An increase in cyber security attacks across commercial enterprises and service providers, and a consumer market wary of data privacy and protections, provide a backdrop for the forthcoming data privacy rule changes. Companies need to get ready fast, according to consultant Ryan Rubin.
Ryan Rubin is a Managing Director responsible for Security and Privacy IT Consulting at Protiviti, a global consulting firm.
As the European Commission works towards unifying data protection under the General Data Protection Regulation (GDPR), it is imperative that IT professionals familiarise themselves and take the necessary steps to reduce their organisation’s exposure to data privacy risks.
GDPR is a game changer for European data privacy regulation for two important reasons: greater transparency and greater accountability. Firstly, it calls for companies to respond more quickly to a data breach and also requires that they notify their customers within 24 hours of becoming aware of one. Secondly, fines for noncompliance have moved significantly; from a capped fee to one that will range up to 5% of global turnover. Equally important is that application of these rules will also apply to any non-European company handling EU-specific data.
Cyber security attacks across commercial enterprises and service providers continue to run rampant as organised criminals look for new ways to access credit card numbers, expiration dates, account holder names and CBB codes, intellectual property, and other sensitive information. Reputational management has also become a major consideration for organisations as consumers grow increasingly wary of data privacy and protections—quickly turning against any service provider or organisation viewed as ‘reckless’ with personally identifiable information (PII). In the last few years several high profile breaches have not only brought into focus the vulnerability of user data, but more importantly who consumers hold accountable for the loss of that data in the future.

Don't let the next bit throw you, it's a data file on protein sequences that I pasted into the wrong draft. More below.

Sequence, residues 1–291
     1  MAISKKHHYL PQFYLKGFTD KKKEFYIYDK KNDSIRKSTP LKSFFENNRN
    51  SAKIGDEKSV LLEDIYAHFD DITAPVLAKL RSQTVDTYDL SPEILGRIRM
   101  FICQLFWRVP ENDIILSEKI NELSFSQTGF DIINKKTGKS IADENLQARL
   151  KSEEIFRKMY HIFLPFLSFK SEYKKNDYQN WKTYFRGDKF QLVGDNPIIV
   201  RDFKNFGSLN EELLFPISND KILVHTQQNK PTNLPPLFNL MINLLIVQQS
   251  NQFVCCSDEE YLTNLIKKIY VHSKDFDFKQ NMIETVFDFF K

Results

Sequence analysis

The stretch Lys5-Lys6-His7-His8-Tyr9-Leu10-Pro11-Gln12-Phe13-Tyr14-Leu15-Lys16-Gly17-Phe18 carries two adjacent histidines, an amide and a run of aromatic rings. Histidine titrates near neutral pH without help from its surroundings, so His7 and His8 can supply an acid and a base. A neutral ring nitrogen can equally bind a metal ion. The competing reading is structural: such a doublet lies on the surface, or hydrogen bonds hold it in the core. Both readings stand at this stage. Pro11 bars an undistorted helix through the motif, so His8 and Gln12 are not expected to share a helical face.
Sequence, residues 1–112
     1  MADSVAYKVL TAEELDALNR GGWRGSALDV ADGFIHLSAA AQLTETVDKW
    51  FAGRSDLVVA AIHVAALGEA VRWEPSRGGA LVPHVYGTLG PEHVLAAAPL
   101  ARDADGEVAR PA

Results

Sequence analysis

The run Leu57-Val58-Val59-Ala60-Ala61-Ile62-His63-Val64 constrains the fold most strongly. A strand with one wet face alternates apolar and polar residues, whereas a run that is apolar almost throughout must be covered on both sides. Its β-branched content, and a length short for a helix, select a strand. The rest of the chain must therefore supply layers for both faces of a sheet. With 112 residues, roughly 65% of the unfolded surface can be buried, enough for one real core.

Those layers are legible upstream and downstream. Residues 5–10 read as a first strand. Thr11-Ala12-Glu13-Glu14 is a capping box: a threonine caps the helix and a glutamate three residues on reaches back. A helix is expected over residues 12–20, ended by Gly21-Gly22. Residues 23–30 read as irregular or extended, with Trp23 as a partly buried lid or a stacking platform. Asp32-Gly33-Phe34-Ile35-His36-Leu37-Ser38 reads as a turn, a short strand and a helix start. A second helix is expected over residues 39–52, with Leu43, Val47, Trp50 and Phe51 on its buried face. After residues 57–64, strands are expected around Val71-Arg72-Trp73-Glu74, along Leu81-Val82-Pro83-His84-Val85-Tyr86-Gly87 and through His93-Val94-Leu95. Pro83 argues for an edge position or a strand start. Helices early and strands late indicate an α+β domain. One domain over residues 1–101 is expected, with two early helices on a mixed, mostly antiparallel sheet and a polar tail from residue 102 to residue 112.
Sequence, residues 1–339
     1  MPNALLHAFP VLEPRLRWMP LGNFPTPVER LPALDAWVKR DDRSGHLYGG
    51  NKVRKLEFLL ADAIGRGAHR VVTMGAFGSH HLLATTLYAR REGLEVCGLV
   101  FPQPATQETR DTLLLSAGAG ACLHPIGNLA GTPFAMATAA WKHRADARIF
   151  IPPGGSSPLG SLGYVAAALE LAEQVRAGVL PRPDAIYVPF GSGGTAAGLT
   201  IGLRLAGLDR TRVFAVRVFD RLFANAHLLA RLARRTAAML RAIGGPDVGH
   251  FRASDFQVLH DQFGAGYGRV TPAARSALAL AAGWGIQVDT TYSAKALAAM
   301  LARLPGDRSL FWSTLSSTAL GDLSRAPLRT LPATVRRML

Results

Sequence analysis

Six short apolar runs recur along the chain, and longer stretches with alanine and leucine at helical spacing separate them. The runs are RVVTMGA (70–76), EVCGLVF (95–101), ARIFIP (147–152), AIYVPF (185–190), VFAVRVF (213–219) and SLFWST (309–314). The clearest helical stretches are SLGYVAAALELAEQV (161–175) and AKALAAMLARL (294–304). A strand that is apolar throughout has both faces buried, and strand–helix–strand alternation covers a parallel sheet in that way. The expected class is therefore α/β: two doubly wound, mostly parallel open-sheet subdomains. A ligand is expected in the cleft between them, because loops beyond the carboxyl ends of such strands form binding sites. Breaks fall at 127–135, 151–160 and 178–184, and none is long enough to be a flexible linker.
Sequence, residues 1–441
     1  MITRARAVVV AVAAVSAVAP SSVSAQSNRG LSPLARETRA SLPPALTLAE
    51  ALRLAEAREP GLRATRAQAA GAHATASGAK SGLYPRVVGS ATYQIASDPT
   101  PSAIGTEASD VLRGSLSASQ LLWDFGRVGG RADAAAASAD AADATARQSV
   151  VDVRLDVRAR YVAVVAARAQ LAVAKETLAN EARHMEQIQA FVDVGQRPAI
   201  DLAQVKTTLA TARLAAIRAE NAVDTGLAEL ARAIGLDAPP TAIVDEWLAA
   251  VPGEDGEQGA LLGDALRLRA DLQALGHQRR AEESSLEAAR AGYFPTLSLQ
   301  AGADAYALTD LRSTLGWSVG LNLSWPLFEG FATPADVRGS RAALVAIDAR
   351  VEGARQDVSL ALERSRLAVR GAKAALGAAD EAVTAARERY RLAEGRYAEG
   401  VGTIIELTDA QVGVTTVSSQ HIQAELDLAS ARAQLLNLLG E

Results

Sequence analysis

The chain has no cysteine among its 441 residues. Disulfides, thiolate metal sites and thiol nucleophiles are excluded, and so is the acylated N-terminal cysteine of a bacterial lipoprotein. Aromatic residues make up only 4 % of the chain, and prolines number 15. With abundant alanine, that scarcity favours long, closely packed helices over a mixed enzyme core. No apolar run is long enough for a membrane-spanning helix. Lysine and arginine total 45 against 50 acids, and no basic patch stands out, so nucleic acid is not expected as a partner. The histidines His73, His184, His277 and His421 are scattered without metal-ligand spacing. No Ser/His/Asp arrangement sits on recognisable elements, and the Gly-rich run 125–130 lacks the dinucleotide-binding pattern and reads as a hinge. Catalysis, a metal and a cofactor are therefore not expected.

Whilst reputational damage and unplanned costs for breach notification, identity theft protection, and increased cyber insurance premiums all directly impact an organisation in the short-term, many still continue to debate the long-term implications faced by companies who experience a major data breach.
In the last several years, we have witnessed several well-known brands weather storms associated with a breach and survive another day. This is large part due to the unique products or services offered to their larger and typically more loyal consumer bases. Despite the long-term survival of these brands, however many of the individuals steering the ship including, CIOs, CTOs and CEOs have not always survived the aftermath.
Five Key Steps to Prepare
What should companies be doing today to protect themselves and prepare for GDPR? In today’s digital economy, data privacy and governance will be as crucial for organisations as their financial integrity or sustainability – those with lower scores will simply disappear from the digital supply chain.
- Establish Ownership: Companies will need a data protection officer to oversee compliance, data privacy and drive an improvement programme. It is important that accountability remain with these stakeholders.
- Assess Risks: Understand your ‘crown jewels’ or what key PII your organisation holds, how much of it you hold, and how much is shared with third parties. Have a firm understanding of your stakeholder responsibilities and establish your risk appetite for data loss (e.g. number of records x 100 per record + potential fine + potential loss of future revenue).
- Discover: Seek out where PII exists in your business processes and within your IT systems – optimise and eliminate wherever possible to reduce the data footprint.
- Enhance Policy and Process: Establish necessary policies and processes to meet all privacy requirements including security, complaints, data accuracy, custodians, breach reporting, etc.
- Protect: Adequately protect the PII you process by:
- Applying least privileges – Limit the locations where you store data and also who and in what quantities has access to your PII data
- Only retaining what you need – If you don’t need it don’t store it – unnecessary data becomes a liability
- Using encryption where you can– In laptops, hard disks, data in transit in email, backups, etc.
- Logging and Monitoring – Logging and monitoring access to data, bulk downloads, security alerts, data leakage events, etc. are critical for accountability and also for early detection of security breaches